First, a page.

3 Teachers in Nepal Provide Their Experiences with Online Teaching

Lizzie Ottenstein
Shreejana Mainali
A teacher using his laptop for an online class session.

Nepal has experienced significant gaps in its school systems since the shift to online learning and has underscored the need to rethink conventional teaching practices. We had the opportunity to interview three esteemed college professors working to make the online transition seamless, productive, and interactive. Here’s what we learned from them. 

Comparing online and offline teaching 

According to Mr. Lokesh Gupta, a System Analysis and Design instructor at Herald College, unlike the in-person classroom, online classes lack the human touch: “We can monitor our students’ attention and read their facial expressions in traditional teaching which is difficult to monitor online. Also, conducting a practical session and fixing lab error is tough remotely. However, the time and location flexibility, ability to connect to all the students located at different parts of the country without having to commute and reuse all the digital course content since the online transition has been super beneficial to me.” 

KIST college’s BIM and BIT instructor, Mr. Prasanna Jabara responded that both online and traditional teaching are alike in areas of student performance evaluation, assignment submission, course completion, and attendance. Highlighting the differences he stated: “Online learning requires students to be more self-directed, disciplined, and accountable. Also, there are no biases in remote learning methods as teachers can conduct one-on-one interaction with every student via chats or during online class.” He added how students who were hesitant to attend and speak up are now showing active participation. 

Although online education is new for teachers, they are finding the flexibility, accessibility, time to prepare digital content, and reduced manual work more advantageous than traditional teaching. An English professor who teaches grades 10,11, and 12 said: “Using and learning about advanced technology and learning platforms along with students has been the best part of online teaching for me.” 

Instructors ideas on how to improve the online learning process 

Mr. Gupta stated that self-motivation among students and teachers is pivotal. Mr. Jabara elucidated the importance of AI integration in online education for a seamless learning experience: 

“I believe AI integration in education can make online teaching a whole lot easier. Evaluating a huge number of students, keeping track of their attendance, assignments, grades and overall performance manually is tough for teachers. We need an AI-enabled platform to amplify the speed of those manual tasks and divert teachers’ efforts towards creating new teaching methods and high-quality digital content.” Mr. Jabara has been teaching for more than 5 years.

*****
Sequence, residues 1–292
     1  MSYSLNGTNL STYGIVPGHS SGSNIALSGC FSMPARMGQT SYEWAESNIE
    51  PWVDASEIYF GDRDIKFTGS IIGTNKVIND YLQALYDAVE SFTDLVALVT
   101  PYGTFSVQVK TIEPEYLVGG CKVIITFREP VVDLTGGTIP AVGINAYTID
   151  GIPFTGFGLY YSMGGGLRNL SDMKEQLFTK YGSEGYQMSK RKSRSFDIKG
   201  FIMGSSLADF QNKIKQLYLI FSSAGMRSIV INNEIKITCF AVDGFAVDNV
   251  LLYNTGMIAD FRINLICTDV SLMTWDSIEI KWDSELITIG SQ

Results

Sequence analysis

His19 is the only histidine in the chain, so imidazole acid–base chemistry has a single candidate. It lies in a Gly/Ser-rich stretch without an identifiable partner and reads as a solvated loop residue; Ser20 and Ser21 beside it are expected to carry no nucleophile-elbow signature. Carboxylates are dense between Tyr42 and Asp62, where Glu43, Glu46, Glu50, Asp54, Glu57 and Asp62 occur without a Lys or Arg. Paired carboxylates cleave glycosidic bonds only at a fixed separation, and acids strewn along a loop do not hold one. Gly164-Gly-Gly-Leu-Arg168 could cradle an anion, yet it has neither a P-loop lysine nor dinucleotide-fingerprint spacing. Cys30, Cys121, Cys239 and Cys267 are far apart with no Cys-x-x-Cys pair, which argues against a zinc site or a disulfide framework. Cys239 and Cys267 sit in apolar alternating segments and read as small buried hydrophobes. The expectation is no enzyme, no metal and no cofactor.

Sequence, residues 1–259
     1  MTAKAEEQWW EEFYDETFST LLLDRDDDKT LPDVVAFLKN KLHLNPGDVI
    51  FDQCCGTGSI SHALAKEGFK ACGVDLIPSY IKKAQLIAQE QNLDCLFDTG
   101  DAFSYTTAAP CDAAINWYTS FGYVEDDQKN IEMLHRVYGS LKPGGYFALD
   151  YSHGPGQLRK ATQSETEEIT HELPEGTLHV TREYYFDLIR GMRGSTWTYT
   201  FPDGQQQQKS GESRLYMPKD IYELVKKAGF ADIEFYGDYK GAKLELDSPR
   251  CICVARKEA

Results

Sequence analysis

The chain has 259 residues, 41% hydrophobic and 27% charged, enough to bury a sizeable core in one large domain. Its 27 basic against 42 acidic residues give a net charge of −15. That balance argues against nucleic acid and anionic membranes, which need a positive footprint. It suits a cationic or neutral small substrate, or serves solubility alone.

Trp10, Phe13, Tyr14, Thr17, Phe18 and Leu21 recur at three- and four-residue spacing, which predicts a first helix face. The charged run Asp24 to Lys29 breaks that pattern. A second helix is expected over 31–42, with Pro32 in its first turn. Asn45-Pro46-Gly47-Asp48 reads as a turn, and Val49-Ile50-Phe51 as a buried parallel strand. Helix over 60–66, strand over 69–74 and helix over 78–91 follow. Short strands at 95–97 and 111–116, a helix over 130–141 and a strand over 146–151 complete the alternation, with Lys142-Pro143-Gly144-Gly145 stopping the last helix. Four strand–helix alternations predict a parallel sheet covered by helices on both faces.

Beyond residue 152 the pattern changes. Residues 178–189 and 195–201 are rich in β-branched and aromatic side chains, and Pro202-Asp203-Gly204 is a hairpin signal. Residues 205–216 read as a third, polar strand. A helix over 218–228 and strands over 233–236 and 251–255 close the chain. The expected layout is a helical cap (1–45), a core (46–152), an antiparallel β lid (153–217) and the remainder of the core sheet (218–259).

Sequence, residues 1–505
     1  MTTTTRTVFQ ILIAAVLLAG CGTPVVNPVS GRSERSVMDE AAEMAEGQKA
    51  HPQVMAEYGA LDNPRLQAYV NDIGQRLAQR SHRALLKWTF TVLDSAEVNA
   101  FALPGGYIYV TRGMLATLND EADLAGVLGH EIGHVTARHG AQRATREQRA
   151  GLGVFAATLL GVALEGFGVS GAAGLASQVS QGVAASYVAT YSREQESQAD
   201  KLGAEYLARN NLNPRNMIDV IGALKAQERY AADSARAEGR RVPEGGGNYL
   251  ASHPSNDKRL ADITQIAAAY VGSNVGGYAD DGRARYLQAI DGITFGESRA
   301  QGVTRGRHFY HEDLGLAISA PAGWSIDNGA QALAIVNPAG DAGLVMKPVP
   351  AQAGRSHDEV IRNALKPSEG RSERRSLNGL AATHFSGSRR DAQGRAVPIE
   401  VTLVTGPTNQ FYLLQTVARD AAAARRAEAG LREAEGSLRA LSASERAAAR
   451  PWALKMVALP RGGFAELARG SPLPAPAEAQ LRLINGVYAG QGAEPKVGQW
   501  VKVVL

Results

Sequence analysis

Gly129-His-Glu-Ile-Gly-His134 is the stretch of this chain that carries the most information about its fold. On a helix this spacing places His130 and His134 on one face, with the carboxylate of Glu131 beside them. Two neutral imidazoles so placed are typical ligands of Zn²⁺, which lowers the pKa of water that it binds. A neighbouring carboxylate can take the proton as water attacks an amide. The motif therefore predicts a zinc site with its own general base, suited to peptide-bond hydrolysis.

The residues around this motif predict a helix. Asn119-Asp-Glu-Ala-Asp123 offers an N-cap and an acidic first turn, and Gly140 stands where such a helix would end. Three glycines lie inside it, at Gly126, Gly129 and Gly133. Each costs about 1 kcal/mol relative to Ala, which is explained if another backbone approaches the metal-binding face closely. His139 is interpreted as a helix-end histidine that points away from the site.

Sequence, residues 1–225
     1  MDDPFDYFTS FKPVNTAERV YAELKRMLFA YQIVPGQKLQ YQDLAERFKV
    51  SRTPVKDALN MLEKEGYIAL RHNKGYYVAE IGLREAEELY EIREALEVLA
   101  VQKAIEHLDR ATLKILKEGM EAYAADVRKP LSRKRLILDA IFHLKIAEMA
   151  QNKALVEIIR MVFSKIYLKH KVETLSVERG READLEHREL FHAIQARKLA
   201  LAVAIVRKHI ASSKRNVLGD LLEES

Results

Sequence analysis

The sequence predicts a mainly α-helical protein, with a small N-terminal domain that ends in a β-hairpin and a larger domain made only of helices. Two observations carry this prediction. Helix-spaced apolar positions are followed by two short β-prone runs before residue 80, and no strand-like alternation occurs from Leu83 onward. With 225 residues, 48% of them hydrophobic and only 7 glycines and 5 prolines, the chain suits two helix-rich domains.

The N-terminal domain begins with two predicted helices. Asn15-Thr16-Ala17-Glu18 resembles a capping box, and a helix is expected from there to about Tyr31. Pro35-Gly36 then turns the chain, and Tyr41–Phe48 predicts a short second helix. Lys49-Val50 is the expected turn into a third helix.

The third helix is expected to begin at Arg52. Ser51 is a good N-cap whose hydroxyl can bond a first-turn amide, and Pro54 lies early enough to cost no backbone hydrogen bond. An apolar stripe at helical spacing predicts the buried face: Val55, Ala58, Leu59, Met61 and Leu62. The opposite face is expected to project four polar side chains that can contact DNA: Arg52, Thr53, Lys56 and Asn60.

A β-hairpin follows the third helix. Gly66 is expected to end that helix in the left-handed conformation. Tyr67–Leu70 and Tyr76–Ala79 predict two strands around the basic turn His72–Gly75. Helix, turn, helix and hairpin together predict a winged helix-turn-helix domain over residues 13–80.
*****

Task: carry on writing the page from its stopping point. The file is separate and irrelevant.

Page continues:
Nepali students are facing problems like unstable internet connection and lack of proper technical infrastructures. Addressing these issues, Mr. Gupta responds, “We record the online class for those students who are unable to attend the class and provide recorded sessions and other downloadable resources via DVD. This has helped us a lot.”

Embracing the flipped classroom

Converting and creating content for the online classroom can be tough for non technical teachers, yet online learning has pushed them to get hands on experience using digital learning tools. When asked what approaches provide the best online experience, teachers responded that we need to adopt the well known “flipped classroom” model where teachers provide offline lecture videos or resources that students learn on their own, and conduct live training sessions focusing on projects and group activities. “An automated or AI-integrated system that incorporates ERP, LMS, SIS, and CMS is essential for success in the online learning platform,” adds Mr. Jabara. 

How to evaluate online

Since NEB announced cancellations of SEE and other exams, it’s been tough for teachers to come up with new evaluation modalities. Mr. Gupta and other teachers had a similar response stating that relying solely on paper-based examination is not the best way to evaluate students as assignment submission, projects, viva, quizzes, and fun game-based online competitions should be considered.

Online learning is growing exponentially and instructors in Nepal are willing to adapt and evolve with online teaching. Now is the time to think outside the box, overcome challenges, and find the best platforms, tools, and teaching practices to deliver the best learning experience for students. 

Check out our teachers guide to creating and converting online content!